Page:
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Ryan Gosling and Derek Cianfrance

Ryan Gosling and Derek Cianfrance

The Place Beyond The Pines

Film3Sixty Magazine

February 2013

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Following their success with Blue Valentine, Ryan Gosling and director Derek Cianfrance reunite for the fathers-and-sons drama The Place Beyond The Pines.

We shouldn’t be surprised that writer-director Derek Cianfrance and Ryan Gosling would want to reunite. Blue Valentine was one of the most enthusiastically reviewed films of 2011, the touching portrait of a tattered marriage.

Set in upstate New York, their second collaboration The Place Beyond The Pines is a very different film, a compelling crime drama told in three distinct chapters that is, ultimately, about the legacy fathers pass on to their sons.

Gosling is one of those fathers, a motorcycle-riding bank robber from the wrong side of the tracks with a child by Eva Mendes and a dagger-and-tear tattoo combo under his left eye; Bradley Cooper is the other, a conflicted small-town cop who Gosling’s Luke encounters at the peak of his bank-robbing escapades. The two men’s fates become intertwined forever in Cianfrance’s ambitious tale.

Did your experience on Blue Valentine convince you to work together again?
Ryan Gosling: We had actually talked about this before Blue Valentine. I was telling Derek how I always wanted to rob banks but I’m scared of jail. But if I was going to do it, I would do it on a motorcycle and drive into a U-Haul at the end. He said, “That’s crazy. I just wrote a script about that.”

Derek Cianfrance: It’s a movie about legacy. It’s about what we pass on. I started writing it right before my second son was born and I was thinking about thisf eeling I’d had inside of me my whole life, this fire that had helped me do things but was also very destructive, and how I didn’t want my son to have that.

How did you develop Luke’s striking look?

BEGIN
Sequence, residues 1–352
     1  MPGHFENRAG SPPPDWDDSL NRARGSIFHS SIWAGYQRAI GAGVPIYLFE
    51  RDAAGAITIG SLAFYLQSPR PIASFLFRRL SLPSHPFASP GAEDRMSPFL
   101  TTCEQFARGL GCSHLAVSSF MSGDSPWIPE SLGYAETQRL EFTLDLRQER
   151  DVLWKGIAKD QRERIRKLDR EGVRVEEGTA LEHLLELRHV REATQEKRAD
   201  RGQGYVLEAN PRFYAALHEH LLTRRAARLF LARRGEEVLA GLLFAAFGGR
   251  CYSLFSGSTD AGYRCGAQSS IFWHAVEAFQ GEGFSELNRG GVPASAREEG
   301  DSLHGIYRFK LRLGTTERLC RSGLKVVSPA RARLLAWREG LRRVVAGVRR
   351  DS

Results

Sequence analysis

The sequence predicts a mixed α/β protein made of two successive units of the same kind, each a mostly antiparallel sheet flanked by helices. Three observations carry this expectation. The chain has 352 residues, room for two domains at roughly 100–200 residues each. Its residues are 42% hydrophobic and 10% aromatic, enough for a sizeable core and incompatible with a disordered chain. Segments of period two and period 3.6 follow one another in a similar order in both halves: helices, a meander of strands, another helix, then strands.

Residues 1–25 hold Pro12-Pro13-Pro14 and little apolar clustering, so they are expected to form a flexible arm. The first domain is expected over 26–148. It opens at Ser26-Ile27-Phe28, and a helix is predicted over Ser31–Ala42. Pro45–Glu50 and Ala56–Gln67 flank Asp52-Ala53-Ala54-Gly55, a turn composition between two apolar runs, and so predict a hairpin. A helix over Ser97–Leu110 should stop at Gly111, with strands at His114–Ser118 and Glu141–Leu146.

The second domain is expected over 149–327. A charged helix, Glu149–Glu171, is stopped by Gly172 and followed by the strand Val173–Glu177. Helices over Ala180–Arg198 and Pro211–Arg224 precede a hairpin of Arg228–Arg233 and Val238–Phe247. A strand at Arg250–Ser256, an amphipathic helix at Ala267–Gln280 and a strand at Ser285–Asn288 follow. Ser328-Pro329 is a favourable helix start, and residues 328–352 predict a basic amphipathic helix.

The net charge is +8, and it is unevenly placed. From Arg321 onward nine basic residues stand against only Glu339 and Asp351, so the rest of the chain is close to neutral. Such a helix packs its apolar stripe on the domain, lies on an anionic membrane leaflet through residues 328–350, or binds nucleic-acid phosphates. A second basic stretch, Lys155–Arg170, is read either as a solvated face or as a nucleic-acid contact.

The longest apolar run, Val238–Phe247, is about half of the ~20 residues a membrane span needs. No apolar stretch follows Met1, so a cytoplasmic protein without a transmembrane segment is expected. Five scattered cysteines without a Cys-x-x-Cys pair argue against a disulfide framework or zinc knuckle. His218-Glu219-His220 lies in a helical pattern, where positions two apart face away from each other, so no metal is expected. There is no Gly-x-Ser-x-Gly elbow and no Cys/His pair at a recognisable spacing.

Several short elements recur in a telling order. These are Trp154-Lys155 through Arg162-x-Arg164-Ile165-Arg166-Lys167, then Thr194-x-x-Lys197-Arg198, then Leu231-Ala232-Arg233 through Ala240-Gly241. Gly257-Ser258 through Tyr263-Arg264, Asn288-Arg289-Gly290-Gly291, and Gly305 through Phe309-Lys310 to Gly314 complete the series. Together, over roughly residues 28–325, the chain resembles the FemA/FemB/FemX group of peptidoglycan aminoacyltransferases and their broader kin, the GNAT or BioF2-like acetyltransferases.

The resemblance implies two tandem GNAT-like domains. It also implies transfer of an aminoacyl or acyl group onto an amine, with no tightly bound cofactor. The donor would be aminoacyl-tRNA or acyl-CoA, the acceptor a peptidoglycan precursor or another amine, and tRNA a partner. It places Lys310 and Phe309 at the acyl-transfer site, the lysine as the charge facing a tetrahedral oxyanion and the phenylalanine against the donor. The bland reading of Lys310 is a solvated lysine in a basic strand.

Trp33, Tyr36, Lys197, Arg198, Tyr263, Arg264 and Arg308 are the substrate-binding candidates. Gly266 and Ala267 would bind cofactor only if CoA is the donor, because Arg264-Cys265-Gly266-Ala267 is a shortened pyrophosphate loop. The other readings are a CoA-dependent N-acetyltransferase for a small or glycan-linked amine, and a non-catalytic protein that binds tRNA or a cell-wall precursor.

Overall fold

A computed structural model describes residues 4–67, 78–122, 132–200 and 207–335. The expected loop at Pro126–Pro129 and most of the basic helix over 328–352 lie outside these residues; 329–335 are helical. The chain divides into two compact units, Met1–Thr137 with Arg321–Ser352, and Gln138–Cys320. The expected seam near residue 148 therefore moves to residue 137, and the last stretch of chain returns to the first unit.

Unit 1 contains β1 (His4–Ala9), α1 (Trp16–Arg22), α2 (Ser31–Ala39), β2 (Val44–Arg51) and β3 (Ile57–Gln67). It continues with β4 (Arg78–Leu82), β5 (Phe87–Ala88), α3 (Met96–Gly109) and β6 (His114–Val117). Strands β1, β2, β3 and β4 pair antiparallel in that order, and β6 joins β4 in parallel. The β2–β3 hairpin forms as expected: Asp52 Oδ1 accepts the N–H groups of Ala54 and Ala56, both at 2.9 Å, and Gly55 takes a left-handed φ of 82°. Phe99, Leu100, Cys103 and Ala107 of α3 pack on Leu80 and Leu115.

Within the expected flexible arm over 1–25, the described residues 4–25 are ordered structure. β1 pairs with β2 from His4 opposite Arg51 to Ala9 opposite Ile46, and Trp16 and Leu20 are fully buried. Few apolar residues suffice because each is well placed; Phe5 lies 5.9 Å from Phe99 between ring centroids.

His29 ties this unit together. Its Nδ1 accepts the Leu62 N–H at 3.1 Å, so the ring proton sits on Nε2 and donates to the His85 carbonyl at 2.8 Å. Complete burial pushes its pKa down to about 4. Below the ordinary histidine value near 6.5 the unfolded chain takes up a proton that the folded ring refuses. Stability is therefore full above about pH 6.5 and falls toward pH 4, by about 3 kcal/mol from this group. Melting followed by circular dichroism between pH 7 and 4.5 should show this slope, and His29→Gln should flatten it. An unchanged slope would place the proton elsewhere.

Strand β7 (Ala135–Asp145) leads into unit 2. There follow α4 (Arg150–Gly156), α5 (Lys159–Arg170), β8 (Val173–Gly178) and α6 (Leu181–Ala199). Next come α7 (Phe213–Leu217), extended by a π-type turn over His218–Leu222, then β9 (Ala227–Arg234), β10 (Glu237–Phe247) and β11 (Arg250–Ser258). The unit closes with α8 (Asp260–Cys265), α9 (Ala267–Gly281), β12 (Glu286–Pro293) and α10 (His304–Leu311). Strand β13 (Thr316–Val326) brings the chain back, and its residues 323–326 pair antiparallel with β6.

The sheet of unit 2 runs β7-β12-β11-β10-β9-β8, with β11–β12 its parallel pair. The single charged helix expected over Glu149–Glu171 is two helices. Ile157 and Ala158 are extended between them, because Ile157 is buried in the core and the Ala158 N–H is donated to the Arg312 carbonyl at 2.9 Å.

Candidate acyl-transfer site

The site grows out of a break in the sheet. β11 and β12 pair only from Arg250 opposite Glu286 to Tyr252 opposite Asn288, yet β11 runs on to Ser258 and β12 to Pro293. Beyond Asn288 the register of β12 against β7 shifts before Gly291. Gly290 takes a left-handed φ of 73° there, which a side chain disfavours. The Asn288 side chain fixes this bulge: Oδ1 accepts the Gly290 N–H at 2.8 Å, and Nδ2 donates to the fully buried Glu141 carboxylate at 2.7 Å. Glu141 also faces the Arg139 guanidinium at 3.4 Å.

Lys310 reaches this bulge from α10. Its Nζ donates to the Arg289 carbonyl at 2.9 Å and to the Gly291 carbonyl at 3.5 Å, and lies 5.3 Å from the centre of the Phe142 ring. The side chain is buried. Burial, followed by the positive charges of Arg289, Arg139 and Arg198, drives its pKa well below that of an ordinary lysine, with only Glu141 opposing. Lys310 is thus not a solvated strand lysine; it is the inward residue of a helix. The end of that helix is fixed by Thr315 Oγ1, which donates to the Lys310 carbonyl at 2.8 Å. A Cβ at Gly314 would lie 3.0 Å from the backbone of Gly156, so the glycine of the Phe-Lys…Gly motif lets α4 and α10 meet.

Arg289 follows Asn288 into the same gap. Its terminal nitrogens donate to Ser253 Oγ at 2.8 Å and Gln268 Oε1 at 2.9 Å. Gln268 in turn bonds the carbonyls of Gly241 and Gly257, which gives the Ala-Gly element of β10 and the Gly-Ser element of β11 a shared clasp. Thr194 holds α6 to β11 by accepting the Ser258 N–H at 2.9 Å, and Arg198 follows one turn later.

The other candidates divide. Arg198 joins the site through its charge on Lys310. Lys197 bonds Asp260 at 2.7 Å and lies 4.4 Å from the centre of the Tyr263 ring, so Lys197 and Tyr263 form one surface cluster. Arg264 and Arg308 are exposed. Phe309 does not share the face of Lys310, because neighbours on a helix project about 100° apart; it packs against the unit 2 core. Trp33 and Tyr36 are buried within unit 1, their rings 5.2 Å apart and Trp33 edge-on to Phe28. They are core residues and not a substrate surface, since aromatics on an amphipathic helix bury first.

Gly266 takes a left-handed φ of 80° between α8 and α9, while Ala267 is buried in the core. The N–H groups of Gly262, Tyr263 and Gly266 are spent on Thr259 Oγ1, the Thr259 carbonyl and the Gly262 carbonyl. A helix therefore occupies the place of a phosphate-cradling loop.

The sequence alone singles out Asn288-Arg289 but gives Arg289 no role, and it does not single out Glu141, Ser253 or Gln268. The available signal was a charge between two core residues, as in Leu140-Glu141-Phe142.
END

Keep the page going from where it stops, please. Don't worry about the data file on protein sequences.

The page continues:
RG: We talked about that myth, Parsifal and the Red Knight. That’s what I used. But with Derek, you’re not allowed to take your decisions lightly. The face tattoo was the last straw. I thought, I’ve gone too far, I don’t want to have that tattoo on my face this whole movie. But Derek said, That’s what happens when you get a face tattoo; that’s how you feel. Now you’re stuck with it.

The motorcycle escapes are thrilling. How were they to shoot?
DC: My reference point for those scenes was Cops and America’s Wildest Police Chases, not anything in the movies. Ryan had to learn how to ride a motorcycle very well because there were takes where he had to rob a bank, get on his motorcycle, and drive through an intersection avoiding 36 cars. And he had to do it 22 times.

Were you scared, Ryan?
RG: Once you lose the fear, you’re in trouble. But when I was a kid, I was walking to school and I saw this guy get hit on his motorcycle by a car. He was laying on the ground and blood was coming out of his head and my first thought was, “I’ve got to get a motorcycle.” They put a spell on you.

Racing cars, riding motorcycles, robbing banks: what else would you like to do in a film?
RG: I don’t know. Derek, what’s next?
DC: Submarines! I’m doing an HBO series called Muscle which I’d love Ryan to do. But he’d have to gain 80lbs of muscle – and I don’t think I can do that to him.

What is it about Ryan that makes you want to keep working with him?
RG: [laughing] The fact that I look like Derek.
DC: Exactly! No, Ryan’s just a magic person. He makes the world a better place and he makes me a better filmmaker.
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